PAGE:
Account managers enter the picture once the initial purchase is complete. Unlike a salesperson, whose accounts are constantly changing, an account manager’s portfolio is relatively stable.
You’ll work with each customer to understand their needs, create a long-term strategy, and help them realize the greatest possible ROI from your product.
An account manager also serves as the client’s primary point-of-contact at the company. When they have non-support questions, they’ll go to you.
The main metrics you’ll be measured by? Retention and satisfaction rates. But account managers also look for upsell and cross-sell opportunities. At some organizations (usually smaller ones), they’ll handle this conversation with the customer directly. At larger companies, it’s more common for a salesperson to take over once an opportunity to expand the account comes up.
The average national salary is $59,000, according to PayScale.
How to know if this job is right for you: If you’re passionate about building lasting relationships and being an internal advocate for your customers, you’ll do well as an account manager.
Successful account managers are also skilled at balancing multiple needs. For any given account, you must consider the client’s objectives, your company’s objectives, sales targets, and more.
Lastly, you’ll need to speak your customer’s language. Without a deep understanding of their business, market, product, and industry, you’ll never earn their confidence.
5) Sales Engineer
These professionals are also known as “pre-sales support,” “systems engineer,” or “field consultant.” Sales engineers combine the technical expertise of engineers with the business acumen and selling skills of a traditional rep.
That’s a powerful -- and rare -- combination, so demand for them is relatively high.
As a sales engineer, you’ll answer in-depth product questions; work with prospects to determine their technical needs; communicate those needs to your sales, engineering and/or product teams; help salespeople give demos; and craft the technical components of proposals and contracts.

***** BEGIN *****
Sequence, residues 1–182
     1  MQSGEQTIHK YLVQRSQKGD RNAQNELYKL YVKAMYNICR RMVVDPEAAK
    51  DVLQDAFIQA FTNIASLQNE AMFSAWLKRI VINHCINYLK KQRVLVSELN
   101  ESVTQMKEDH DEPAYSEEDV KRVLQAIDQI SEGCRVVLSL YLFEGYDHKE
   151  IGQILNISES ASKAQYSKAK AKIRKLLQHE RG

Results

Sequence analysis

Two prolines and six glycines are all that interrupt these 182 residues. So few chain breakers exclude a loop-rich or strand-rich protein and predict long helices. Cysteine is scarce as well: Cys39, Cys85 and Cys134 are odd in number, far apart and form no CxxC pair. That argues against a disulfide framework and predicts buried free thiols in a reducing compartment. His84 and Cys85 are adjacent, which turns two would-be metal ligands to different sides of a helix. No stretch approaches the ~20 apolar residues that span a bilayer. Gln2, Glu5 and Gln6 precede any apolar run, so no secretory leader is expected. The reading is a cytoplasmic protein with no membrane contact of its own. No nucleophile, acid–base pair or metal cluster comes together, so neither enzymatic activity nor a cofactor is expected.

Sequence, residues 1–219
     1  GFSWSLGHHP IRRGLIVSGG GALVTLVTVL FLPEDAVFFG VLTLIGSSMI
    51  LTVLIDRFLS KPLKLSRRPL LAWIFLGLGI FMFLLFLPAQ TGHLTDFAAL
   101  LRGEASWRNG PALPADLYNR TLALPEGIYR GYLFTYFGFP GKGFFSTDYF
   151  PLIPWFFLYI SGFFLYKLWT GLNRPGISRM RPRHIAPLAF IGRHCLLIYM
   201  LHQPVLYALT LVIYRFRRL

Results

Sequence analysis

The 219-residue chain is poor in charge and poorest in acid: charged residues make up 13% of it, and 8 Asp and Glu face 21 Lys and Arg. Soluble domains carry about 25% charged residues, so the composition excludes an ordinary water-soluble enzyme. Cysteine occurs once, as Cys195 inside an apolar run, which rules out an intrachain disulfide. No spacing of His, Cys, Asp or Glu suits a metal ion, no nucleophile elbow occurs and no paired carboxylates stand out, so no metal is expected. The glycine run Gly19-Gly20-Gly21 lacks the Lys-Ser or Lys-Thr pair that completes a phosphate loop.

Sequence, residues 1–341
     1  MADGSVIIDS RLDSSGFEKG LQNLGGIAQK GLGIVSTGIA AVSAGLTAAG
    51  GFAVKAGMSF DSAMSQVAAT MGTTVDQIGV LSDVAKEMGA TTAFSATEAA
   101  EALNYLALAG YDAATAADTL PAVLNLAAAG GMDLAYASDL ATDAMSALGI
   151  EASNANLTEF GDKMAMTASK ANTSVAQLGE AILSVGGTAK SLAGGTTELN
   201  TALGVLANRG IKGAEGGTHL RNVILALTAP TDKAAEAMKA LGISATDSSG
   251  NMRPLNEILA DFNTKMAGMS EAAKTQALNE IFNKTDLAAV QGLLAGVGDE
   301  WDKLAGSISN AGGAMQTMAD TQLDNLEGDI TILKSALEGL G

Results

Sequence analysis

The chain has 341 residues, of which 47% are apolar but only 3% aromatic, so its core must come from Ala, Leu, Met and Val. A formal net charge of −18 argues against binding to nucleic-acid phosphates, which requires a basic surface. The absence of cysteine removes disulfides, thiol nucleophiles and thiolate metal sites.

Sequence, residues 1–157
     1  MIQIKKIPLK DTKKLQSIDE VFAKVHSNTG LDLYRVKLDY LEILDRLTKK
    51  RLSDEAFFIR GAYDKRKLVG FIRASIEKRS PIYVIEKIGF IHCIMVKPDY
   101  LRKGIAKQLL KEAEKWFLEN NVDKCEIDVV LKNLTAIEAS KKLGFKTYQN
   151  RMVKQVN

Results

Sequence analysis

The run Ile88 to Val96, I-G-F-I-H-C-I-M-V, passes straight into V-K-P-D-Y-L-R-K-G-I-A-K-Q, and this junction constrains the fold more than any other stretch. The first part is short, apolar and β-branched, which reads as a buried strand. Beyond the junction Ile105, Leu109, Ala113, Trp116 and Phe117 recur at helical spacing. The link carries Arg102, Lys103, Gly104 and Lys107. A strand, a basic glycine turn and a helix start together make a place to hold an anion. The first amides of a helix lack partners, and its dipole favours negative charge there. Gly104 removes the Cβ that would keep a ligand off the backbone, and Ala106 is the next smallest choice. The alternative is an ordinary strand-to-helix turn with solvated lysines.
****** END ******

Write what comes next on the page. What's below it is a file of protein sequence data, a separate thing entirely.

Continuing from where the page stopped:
You’ll either be paired with a single rep -- in which case you may be held to a joint quota -- or assigned to deals. Reps often complain there aren’t enough sales engineers to go around, so it’s likely you’ll have a full schedule.
Because sales engineering calls for more tech savvy than a traditional selling role, the median pay is relatively high: $97,650, according to the U.S. Bureau of Labor Statistics.
How to know if the job is right for you: This position is ideal if you’re excited to flex both your technical knowledge and people skills. It requires fantastic active listening, presentation, and communication skills, as you’ll be spending a great deal of time in front of customers.
Some sales engineers are always on the road. Can you picture yourself spending a few days per week away from home hosting workshops for prospective customers and giving demos? If just the thought exhausts you, a sales engineering position may not be the best fit.
It’s also worth noting most employers look for a B.S. in computer science, a B.A. in engineering, or another related degree. Five-plus years of experience in pre-sales roles will also increase your chances of getting hired.
Good luck finding your first job in sales. Let us know how it goes in the comments below.